Real estate rallied in March, as the category’s income levels compared more favorably amid declining long-term interest rates.  The FTSE EPRA/NAREIT Developed index was up +2.5%, and the FTSE NAREIT US Real Estate index gained +3.7%.

The Alerian MLP index (-6.9%) suffered sharp declines again in March and is now down -11.1% year-to-date. The Bloomberg Commodity index was down -0.6% for the month, even as oil moved notably higher (+5.4%).

The US Treasury (UST) market acted as a portfolio diversifier in March.  While front-end rates continued to grind higher with monetary policy action, longer-dated issues provided portfolio ballast (20+ year index up +3.1%).  Having tested the psychologically relevant 3% threshold earlier in the year, the 10-year UST yield ended the month at 2.74%, and the yield curve has assumed its flattest posture in over a decade.  Markets are comfortably anticipating the next FOMC rate hike to occur at the June meeting, but with futures pricing somewhat below the Fed’s policy projections in 2019 and 2020, the potential exists for ongoing headwinds to UST performance.

The Bloombar US Aggregate index gained +0.6% in March, reducing year-to-date losses to -1.5%.  Given universal spread widening, government issues actually outperformed the primary market’s other key sectors on a duration-matched basis.  IG corporate credit spreads were another 13 bps wider, and overall yields for IG corporates now exceed 3.75%.

The Bloombar 1-15-Year Municipal index returned +0.2%, as tax-exempt issues underperformed the rally in longer-term taxable issues.  Retail municipal investors tend to focus on intermediate and shorter-term maturities.  Weaker corporate demand for maturities beyond 10-years has resulted in a challenging technical environment.  While valuations are not excessively cheap, this category tends to do well as yields rise giving the growing tax benefit.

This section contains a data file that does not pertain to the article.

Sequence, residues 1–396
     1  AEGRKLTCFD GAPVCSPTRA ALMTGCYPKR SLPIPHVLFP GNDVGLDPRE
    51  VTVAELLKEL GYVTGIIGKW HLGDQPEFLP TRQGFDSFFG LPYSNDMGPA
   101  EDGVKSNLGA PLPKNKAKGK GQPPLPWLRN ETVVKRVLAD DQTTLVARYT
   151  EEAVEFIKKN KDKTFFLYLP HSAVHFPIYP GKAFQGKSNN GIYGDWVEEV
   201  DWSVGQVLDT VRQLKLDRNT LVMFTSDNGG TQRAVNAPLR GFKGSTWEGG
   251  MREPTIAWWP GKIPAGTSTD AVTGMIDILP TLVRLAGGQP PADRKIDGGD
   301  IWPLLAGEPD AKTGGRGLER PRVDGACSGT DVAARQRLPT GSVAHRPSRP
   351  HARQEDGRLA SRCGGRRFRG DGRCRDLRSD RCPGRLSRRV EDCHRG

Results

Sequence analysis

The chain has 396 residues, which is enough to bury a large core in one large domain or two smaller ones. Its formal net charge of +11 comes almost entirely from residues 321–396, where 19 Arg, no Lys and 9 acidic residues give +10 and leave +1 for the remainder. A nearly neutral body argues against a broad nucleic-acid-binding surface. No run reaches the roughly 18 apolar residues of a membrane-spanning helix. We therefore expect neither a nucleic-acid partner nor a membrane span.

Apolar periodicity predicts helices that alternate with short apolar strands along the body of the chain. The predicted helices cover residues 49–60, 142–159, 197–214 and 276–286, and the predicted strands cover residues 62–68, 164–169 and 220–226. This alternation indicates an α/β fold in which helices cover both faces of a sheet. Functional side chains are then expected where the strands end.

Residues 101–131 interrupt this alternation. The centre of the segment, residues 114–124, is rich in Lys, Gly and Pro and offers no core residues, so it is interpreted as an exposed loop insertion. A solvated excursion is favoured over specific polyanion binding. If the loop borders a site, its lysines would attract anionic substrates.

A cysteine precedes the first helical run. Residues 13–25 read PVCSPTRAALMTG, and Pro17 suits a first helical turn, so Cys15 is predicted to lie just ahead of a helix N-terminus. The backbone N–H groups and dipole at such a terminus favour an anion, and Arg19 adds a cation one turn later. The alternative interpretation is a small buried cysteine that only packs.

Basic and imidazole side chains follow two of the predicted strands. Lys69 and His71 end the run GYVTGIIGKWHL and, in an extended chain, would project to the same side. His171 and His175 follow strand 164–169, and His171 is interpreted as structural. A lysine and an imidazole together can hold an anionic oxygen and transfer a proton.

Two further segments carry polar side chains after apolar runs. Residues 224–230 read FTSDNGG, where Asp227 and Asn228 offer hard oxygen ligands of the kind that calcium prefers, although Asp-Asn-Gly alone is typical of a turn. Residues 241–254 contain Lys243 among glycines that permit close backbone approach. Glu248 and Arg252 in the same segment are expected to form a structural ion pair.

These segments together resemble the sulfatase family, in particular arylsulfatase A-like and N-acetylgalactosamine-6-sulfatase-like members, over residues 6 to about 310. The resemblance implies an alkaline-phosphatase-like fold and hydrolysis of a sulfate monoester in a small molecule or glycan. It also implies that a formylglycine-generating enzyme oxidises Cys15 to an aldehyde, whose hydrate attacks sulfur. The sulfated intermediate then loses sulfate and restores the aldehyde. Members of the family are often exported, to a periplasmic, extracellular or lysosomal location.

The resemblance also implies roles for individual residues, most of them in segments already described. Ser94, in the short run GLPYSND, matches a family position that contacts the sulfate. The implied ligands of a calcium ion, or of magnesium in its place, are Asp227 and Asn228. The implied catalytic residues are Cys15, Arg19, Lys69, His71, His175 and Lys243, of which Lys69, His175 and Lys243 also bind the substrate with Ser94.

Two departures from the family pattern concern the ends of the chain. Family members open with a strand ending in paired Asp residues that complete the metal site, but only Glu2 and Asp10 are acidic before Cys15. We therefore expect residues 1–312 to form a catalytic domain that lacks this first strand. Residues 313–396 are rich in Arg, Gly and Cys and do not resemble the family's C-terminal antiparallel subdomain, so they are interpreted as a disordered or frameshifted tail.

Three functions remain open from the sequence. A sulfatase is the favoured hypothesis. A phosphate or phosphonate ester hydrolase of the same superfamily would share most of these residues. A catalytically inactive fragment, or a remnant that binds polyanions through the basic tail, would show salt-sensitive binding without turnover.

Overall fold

The Bloombar US Corporate High Yield index produced a loss of -0.6% in March.  Valuations remained under pressure amid equity market volatility, with CCC-rated issues lagging and the benchmark’s overall spread level widening by 18 bps.  Unhedged international government bonds, including local currency emerging market debt (+1.0%), continued to outperform given declining yields and the benefit of currency translation.


Disclaimers: The data contained in this report is provided from Asset Consulting Group (ACG).  This is not an offer to buy or sell securities. No investment process is free of risk and there is no guarantee that the investment process described herein will be profitable. Past performance is not indicative of current or future performance and is not a guarantee. In preparing these materials, we have relied upon and assumed without independent verification, the accuracy and completeness of all information available from public and internal sources. Gryphon Financial Partners shall not in any way be liable for claims and make no expressed or implied representations or warranties as to their accuracy or completeness or for statements or errors contained in or omissions from them. This was created for informational purposes only. Gryphon Financial Partners, LLC is a Registered Investment Adviser.